The struggling power company is now seeking 76,657 treated wooden poles from local firms at an undisclosed cost to coMarking a departure from its plan to phase out wooden poles in favour of concrete types, Kenya Powernnect more consumers to the national grid.
“The Kenya Power & Lighting Company Plc invites bids from eligible tenderers for supply of treated wooden poles. Interested eligible tenderers may obtain further information from the general manager, supply chain,” Kenya Power said.
The state agency hopes to use the poles to replace ageing poles as well as connect more Kenyans to the national grid, offering a windfall to farmers who have embraced agroforestry.
The utility firm has restricted the tender to local manufactures of wooden poles with outstanding order balance of less than 50 percent of ongoing contracts with the power monopoly firm.
“Exclusive preference shall firstly be given to citizen contractors where the amount of the tender as evaluated is below Sh500 million in respect of works, goods and services,” said Kenya Power.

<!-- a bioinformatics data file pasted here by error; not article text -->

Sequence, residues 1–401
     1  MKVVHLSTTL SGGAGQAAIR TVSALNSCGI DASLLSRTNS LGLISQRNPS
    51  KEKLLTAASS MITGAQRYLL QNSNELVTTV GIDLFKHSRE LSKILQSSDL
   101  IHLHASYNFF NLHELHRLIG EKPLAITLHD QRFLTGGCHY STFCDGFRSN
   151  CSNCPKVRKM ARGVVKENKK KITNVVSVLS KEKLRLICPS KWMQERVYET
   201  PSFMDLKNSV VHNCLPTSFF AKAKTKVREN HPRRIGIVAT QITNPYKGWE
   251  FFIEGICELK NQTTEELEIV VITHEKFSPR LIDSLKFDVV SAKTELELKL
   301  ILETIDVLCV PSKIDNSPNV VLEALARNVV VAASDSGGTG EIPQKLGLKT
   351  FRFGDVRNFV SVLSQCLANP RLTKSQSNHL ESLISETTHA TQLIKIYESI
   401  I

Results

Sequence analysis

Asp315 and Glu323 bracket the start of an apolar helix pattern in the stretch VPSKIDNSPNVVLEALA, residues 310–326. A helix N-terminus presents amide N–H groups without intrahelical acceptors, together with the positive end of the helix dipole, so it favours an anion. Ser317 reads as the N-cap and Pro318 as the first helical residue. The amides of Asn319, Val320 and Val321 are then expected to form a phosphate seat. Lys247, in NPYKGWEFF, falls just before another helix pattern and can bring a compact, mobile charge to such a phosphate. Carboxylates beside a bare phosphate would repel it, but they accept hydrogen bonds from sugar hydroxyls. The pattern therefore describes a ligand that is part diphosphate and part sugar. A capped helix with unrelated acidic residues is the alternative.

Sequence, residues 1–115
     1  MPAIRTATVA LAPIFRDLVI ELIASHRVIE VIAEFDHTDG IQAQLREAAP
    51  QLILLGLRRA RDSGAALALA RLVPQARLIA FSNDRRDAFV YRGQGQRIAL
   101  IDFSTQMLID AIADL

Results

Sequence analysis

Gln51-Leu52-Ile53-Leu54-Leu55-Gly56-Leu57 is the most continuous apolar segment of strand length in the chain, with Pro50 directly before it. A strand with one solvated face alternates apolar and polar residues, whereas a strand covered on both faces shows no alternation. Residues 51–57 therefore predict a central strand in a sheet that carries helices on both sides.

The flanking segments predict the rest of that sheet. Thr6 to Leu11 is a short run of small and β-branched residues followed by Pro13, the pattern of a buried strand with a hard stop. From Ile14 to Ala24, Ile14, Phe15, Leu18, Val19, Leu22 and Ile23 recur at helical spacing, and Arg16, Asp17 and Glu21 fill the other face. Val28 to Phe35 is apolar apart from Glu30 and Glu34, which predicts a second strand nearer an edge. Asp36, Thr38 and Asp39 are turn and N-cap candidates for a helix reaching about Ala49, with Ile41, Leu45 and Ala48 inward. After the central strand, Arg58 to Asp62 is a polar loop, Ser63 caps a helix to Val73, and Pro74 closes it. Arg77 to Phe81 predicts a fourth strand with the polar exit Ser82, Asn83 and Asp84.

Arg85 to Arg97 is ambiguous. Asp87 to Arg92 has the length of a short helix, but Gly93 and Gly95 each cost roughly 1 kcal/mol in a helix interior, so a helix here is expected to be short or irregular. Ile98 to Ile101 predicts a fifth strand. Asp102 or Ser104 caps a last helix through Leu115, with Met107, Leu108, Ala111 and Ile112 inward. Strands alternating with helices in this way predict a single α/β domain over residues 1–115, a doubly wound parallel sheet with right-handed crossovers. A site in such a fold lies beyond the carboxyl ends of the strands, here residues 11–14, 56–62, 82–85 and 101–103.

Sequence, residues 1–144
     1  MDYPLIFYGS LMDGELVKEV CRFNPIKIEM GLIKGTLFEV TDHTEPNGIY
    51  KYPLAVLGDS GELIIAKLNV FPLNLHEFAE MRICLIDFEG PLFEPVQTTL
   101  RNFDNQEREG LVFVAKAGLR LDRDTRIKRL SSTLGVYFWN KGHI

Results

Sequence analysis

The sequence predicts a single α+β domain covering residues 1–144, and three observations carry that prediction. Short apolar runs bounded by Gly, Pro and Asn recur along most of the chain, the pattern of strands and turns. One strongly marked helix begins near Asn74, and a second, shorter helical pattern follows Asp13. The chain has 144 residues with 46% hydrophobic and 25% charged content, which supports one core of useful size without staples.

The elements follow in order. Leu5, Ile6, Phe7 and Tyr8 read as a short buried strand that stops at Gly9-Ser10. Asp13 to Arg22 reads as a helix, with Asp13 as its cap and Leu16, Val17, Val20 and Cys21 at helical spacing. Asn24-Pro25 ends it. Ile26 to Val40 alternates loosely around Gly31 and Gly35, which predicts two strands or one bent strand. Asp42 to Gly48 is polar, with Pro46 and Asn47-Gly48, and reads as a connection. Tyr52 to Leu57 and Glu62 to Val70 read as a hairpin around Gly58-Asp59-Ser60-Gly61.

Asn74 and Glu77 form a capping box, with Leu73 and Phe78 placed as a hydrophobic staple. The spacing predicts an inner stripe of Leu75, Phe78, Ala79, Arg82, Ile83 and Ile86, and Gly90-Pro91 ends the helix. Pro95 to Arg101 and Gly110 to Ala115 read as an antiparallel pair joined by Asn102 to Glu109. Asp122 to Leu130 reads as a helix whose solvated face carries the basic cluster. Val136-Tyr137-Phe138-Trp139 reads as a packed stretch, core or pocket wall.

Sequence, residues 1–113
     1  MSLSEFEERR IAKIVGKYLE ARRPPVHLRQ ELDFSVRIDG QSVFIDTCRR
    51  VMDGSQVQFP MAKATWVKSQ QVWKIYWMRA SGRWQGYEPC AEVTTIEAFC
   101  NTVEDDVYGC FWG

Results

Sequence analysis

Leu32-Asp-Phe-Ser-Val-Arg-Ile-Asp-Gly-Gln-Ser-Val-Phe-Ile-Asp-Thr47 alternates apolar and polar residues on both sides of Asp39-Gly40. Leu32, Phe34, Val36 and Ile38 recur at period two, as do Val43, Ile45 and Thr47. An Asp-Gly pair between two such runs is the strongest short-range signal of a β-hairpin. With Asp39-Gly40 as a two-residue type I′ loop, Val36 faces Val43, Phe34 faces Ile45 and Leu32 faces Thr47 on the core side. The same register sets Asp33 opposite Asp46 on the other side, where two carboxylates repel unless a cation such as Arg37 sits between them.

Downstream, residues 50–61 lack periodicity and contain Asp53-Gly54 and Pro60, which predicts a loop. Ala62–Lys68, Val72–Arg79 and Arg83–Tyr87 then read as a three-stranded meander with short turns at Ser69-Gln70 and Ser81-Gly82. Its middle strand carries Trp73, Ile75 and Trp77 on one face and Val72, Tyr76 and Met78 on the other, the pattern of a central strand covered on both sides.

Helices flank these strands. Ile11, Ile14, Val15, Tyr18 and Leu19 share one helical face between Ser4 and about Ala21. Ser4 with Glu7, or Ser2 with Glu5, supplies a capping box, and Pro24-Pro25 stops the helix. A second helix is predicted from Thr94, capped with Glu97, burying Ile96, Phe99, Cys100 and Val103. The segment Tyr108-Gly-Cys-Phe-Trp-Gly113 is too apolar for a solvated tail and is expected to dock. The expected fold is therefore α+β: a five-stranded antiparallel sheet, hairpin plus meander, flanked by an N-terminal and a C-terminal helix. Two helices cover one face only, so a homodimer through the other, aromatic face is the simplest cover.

The poles will be supplied in four lots of 49,566 poles, 6,289 poles, 4,412 poles, 160 poles and 16,230 poles with height ranging between 10 and 18 metres. While Kenya Power did not disclose the budget for this tender, in 2013, it was paying Sh8,000 for a 10 metre pole, Sh10,000 (11 meters) and Sh12,000 (12 metres).
In Kenya, wooden poles have been in use since 1922 and with time become a lifeline to thousands of farmers who would grow the trees and later sell them to Kenya Power. A study by Engineering Data Management found that the assumed service life of a treated wooden pole greatly understates its actual life.
A shorter lifespan and therefore, more expensive over time and substandard are some of the reasons Kenya Power dumped the wooden poles in favor of concrete poles.
Critics however poked holes in this narrative by pointing out that the lifespan of a well-done concrete pole is 50 years, while that of a treated wooden pole is 40 years.
But the price of a concrete pole is between Sh18,000 and Sh20,000 against Sh10,000 and Sh12,000 for wooden poles.
Concrete poles are, thus, 40 per cent more expensive. Concrete poles had also another catch, environmentalists feared it could lead to over mining of the sand to use to make the poles.